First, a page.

Thursday, February 26, 2015

Picture Books 14:14


The Cart That Carried Martin
Dialogue
The Cart That Carried Martin by Eve Bunting
Illustrated by Don Tate
Publisher: Charlesbridge
Published: 2013
ISBN-13: 9781580893879
Library Copy
Word Count:  537 (estimate)



Eve Bunting tells the story of the cart that carried the great Dr. Martin Luther King Jr. during his funeral procession. Don Tate provides the most beautiful soft watercolor illustrations complement the tone of the story exquisitely.

With so little dialogue in this book, I'm sure one might wonder why I chose dialogue. I chose it because I felt that the dialogue that was used was used purposefully and with impact. And how interesting that no one has names in the book. Only Dr. King and the two mules that pulled the cart.

Two men walking by an antique store find the perfect cart to carry Dr. King in, but the store is closed.

               "We'll borrow it," the first man said.
               "We can't do that," the other replied.
               "We can. We'll bring it back when he's finished with it."

The men show honor in the fact that they will return the cart once "he's finished with it." Interesting words...when he is finished with it.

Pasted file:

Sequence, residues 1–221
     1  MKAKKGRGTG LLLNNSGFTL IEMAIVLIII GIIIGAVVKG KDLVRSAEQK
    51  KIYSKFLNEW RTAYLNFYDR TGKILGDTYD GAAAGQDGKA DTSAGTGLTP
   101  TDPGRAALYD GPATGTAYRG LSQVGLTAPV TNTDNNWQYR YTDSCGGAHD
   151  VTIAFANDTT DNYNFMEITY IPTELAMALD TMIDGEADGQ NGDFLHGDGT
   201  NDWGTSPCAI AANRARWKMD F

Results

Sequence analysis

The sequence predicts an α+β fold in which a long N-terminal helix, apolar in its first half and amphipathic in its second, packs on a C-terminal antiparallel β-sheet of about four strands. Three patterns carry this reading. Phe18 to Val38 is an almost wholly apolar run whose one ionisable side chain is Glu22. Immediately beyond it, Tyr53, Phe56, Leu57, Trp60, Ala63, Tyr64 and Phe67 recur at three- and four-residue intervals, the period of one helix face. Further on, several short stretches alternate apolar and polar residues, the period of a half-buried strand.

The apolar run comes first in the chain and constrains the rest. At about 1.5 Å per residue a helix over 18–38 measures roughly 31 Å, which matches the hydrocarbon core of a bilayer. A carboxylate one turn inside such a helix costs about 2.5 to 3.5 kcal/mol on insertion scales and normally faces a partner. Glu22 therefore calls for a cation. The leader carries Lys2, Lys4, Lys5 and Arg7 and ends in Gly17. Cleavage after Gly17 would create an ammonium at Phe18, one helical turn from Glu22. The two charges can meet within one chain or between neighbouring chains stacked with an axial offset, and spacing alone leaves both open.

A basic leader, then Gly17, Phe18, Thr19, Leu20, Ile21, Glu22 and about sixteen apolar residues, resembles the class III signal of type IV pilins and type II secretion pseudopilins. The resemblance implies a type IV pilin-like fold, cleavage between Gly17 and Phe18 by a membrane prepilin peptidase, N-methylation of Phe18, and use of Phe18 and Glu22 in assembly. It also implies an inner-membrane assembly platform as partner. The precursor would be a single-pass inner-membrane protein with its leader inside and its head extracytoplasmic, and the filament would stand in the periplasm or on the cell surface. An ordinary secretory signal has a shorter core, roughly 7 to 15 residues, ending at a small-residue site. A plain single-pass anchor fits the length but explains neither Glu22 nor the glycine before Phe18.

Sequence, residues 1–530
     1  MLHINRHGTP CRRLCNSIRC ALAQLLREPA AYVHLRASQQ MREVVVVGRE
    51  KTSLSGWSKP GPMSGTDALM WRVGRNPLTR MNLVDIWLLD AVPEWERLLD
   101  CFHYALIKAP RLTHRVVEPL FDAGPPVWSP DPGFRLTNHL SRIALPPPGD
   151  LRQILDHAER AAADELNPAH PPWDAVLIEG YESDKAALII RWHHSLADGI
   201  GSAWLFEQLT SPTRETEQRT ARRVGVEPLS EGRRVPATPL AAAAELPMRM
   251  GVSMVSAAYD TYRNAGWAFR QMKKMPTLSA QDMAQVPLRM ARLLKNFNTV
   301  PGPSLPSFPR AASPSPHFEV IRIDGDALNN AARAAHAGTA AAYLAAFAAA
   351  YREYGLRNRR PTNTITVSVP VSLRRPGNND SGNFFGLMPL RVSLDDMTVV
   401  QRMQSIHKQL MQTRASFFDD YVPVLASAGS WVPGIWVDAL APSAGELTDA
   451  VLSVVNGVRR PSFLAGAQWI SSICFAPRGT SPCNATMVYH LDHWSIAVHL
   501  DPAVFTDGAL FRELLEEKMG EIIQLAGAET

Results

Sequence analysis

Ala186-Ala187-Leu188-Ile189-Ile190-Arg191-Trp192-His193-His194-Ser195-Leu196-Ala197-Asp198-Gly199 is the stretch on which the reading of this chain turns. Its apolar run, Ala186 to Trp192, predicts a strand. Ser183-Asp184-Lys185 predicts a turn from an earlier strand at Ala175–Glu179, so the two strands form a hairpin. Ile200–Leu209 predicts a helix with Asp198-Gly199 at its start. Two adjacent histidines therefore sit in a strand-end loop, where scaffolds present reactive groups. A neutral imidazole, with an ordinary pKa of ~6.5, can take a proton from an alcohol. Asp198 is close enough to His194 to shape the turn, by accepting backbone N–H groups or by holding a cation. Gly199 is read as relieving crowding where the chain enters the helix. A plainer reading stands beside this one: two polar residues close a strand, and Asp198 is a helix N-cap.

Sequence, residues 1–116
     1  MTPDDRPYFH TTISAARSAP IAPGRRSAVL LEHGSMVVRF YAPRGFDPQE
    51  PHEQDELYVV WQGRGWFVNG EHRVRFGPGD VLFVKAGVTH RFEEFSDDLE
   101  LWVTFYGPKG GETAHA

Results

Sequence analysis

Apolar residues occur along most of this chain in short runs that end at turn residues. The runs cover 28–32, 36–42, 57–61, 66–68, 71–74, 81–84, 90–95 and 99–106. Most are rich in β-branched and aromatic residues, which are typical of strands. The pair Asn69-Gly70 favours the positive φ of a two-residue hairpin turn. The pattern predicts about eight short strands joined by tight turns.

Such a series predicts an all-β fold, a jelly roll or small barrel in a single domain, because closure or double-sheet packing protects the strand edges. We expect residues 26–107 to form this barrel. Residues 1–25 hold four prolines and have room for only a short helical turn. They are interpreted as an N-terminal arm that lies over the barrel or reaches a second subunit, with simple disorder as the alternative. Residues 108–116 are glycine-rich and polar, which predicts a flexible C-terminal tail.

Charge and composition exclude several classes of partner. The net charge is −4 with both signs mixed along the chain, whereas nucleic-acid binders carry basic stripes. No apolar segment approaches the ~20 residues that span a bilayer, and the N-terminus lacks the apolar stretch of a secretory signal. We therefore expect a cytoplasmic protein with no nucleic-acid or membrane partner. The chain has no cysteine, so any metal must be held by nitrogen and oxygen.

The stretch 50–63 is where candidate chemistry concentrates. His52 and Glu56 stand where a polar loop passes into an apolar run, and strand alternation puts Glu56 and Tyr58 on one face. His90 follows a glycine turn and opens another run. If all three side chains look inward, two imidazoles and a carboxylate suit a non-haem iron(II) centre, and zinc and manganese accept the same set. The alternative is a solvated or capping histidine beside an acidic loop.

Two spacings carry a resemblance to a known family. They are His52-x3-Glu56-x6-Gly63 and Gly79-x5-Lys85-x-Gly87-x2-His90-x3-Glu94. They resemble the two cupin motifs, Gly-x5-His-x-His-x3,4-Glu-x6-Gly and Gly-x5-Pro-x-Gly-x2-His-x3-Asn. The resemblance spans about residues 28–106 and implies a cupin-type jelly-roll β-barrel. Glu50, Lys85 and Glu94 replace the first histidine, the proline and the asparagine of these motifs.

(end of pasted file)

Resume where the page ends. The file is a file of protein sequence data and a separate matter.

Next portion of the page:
They take the cart away and prepare it for the funeral.

               "It's the color of grass when it rains," a woman said.
               "He would like that," a man said.


They hitch Belle and Ada to the cart to pull it.

               "Ordinary mules for an ordinary funeral," the people told 
               one and other. "That was what he wanted."

               "The mule is a symbol of freedom," someone said. "Each
               slave got a mule and forty acres when he was freed."

Not hardly an ordinary funeral...but these things made it ordinary...and symbolic.


               The cart was not heavy.
               The coffin was not heavy.
               The man inside it was not heavy.
               His great spirit had been the heaviest part of him.
               It could not be kept in a coffin.

The coffin was placed in the hearse...

               "Is it over?" someone asked.
               "It will never be over," replied another."What he stands for
               lives on."

So little, but so powerful. That is why I chose dialogue.

The book ends...

               This is the humble cart that, not so long ago, carried greatness.